Wednesday, July 06, 2005

My way or the highway

So now we've had Live 8, a huge series of performances by some of the top performers ever with the stated purpose of helping Africa. Yeah, right.

It's true that it would do little good for all those millionaire musicians to raise money for Africa. The place has been an aid sinkhole for generations. But Bob Geldof et al have the answer
"This is without doubt a moment in history where ordinary people can grasp the chance to achieve something truly monumental and demand from the eight world leaders at G8 an end to poverty"
Yeah, you read that right - they'll hold the G8 nations responsible!

Um, how about holding the African nations responsible?
A 2004 World Bank report on corruption noted that bribery is a trillion-dollar industry, causing far more wealth to flow from poor countries to rich countries than the poor countries receive in foreign aid. Whereas an estimated trillion dollars of foreign aid was given to poor countries between 1950 and 2000, at least five percent of the world's domestic product (amounting to $1.5 trillion in 2001) goes into the financial markets of wealthy countries in the form of money laundering. Focusing on Africa, The Economist reported that 80 percent of the funds lent between 1970 and 1996 "flowed out as capital flight in the same year." Robert Guest, the magazine's Africa editor, estimates that this amounts to about 40 percent of Africa's privately held wealth. In his book The Shackled Continent, Guest goes on to note that although a "Marshall Plan for Africa" (as advocated by many supporters of foreign aid) might be a good idea, "Africa has already received aid equivalent to six Marshall Plans."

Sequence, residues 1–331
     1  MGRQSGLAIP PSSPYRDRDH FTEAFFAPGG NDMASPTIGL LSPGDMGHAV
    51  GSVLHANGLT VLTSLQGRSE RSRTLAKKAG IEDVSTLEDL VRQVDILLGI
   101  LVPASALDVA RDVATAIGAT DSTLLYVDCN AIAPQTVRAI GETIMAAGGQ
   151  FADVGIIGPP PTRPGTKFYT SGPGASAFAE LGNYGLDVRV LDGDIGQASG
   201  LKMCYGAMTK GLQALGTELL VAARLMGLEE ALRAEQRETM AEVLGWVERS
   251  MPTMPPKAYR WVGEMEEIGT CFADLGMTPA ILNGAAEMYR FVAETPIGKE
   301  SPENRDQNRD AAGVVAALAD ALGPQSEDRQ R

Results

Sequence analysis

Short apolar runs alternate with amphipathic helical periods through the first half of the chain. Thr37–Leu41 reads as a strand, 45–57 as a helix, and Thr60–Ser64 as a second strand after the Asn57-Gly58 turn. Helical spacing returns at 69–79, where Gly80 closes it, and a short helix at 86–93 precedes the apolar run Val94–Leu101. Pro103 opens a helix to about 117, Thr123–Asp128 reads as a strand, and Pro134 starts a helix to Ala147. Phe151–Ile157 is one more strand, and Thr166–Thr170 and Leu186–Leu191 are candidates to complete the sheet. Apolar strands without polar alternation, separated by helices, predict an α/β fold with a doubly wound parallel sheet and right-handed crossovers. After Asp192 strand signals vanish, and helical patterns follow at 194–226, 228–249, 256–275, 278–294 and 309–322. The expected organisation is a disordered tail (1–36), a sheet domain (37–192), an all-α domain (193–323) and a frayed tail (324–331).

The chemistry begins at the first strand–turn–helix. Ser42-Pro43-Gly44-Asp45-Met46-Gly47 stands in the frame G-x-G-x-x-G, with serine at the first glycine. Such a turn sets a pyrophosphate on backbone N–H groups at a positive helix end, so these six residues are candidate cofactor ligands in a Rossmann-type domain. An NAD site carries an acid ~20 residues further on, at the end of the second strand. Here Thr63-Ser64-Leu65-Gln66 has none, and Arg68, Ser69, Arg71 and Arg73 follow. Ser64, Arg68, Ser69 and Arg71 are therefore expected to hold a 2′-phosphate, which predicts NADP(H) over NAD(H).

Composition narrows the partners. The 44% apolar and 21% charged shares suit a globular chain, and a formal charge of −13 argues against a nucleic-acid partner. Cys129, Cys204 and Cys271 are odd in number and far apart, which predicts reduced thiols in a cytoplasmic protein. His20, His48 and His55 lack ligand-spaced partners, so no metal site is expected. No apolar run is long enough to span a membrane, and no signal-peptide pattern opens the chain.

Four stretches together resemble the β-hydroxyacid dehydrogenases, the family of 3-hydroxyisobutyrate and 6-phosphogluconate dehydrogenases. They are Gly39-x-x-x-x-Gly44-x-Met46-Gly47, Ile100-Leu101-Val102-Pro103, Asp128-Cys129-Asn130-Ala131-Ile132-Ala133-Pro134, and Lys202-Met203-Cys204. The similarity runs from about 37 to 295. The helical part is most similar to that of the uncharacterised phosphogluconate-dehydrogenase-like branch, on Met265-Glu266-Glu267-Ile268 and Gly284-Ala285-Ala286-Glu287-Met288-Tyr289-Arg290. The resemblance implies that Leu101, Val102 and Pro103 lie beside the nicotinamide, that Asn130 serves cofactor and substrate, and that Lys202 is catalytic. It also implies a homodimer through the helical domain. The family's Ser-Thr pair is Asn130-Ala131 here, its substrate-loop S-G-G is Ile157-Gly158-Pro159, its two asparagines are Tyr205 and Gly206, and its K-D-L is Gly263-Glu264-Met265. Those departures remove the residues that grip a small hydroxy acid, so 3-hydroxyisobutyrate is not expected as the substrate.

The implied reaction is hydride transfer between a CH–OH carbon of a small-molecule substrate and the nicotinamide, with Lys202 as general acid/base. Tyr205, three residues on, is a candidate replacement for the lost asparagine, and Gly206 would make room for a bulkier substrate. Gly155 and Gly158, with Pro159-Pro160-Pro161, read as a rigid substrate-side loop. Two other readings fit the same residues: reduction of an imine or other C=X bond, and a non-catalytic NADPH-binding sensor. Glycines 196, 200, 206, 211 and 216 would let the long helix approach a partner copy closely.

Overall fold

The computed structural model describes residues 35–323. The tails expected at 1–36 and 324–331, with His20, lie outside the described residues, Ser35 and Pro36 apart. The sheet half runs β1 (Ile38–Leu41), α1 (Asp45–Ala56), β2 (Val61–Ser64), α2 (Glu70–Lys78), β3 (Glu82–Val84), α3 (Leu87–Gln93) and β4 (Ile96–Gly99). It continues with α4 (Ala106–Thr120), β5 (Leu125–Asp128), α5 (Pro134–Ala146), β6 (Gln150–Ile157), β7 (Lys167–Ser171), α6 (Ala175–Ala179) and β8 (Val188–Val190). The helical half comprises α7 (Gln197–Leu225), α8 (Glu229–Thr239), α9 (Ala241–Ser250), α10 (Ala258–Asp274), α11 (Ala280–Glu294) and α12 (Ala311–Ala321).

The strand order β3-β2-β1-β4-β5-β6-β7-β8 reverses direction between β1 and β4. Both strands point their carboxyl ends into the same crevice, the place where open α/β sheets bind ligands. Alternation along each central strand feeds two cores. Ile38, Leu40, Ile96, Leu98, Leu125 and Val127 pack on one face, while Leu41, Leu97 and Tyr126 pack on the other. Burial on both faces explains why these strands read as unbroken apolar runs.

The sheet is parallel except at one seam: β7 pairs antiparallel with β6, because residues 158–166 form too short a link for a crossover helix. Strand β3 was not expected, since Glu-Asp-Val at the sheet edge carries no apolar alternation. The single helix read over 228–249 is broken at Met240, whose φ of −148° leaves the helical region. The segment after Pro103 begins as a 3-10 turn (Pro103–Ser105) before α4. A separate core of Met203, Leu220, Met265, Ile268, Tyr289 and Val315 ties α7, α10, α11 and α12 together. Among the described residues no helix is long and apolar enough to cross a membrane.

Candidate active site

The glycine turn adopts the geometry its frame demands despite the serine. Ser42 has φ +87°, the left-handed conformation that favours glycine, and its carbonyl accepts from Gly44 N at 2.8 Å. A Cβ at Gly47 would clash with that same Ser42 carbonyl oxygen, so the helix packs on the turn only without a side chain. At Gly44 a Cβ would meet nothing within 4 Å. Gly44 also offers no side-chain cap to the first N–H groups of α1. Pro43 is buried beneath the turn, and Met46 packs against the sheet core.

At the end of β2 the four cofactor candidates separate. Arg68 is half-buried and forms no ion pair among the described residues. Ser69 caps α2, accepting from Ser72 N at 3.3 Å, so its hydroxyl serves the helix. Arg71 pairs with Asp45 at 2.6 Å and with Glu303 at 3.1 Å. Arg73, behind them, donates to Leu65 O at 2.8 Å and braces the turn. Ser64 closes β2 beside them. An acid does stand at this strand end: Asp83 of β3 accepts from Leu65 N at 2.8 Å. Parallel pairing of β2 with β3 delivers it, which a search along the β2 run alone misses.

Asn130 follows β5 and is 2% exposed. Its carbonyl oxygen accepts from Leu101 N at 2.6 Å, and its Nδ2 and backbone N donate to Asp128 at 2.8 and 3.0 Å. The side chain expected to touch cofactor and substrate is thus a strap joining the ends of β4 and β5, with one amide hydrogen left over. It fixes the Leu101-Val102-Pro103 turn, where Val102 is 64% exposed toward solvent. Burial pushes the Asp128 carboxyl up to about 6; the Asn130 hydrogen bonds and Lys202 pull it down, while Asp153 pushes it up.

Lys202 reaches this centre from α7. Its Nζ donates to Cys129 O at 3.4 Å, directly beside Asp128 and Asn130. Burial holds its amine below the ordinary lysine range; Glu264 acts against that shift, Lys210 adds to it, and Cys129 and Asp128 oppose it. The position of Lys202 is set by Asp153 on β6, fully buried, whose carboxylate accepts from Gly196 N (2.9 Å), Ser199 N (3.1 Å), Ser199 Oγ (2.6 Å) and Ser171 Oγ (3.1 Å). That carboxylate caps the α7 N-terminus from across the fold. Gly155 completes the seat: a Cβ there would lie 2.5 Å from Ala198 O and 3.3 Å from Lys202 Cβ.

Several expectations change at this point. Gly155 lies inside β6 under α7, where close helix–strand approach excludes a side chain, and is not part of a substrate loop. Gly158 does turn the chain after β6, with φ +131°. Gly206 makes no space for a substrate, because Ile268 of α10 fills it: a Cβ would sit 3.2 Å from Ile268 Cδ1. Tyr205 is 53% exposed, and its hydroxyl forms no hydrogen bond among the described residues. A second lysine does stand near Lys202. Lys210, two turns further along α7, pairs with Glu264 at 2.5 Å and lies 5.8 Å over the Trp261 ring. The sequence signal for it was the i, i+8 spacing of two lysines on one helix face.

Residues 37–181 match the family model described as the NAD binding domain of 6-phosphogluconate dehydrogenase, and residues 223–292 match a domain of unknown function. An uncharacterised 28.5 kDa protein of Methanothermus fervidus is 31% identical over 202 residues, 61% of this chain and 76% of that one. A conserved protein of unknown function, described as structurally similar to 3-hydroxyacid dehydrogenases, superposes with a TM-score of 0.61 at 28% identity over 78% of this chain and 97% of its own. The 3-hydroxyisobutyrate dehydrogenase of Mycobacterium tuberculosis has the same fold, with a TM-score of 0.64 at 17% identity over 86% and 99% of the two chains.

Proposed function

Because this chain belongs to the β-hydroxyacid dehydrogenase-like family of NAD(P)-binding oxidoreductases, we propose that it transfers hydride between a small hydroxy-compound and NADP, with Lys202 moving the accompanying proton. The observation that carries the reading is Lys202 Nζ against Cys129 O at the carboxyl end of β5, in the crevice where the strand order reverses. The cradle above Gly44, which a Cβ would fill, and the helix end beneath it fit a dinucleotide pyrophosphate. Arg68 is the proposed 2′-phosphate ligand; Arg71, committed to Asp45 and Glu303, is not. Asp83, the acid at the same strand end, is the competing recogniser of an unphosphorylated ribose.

And Herb London asks
What happened to the $2 billion raised with Live Aid? Moreover, over the last decade government and private charities have poured over $25 billion into Africa for seemingly little effect? In fact, Africa has had an aggregate g.d.p. reduction of about 25 percent since the Live Aid concerts two decades ago.
If the morally trendy types who support initiatives like this had any grasp of reality, they'd realize that there's exactly one organization in the US that's capable of correcting the real problems that lead to the symptoms they want to address. And that organization is booked heavily in Iraq, Afghanistan and elsewhere right now.

My bet is that the Geldofs would reject that idea out of hand. Far better than the impoverished should remain so until a solution acceptable to the the Geldofs is found, right?

More by Ed Driscoll here and Don Surber here.

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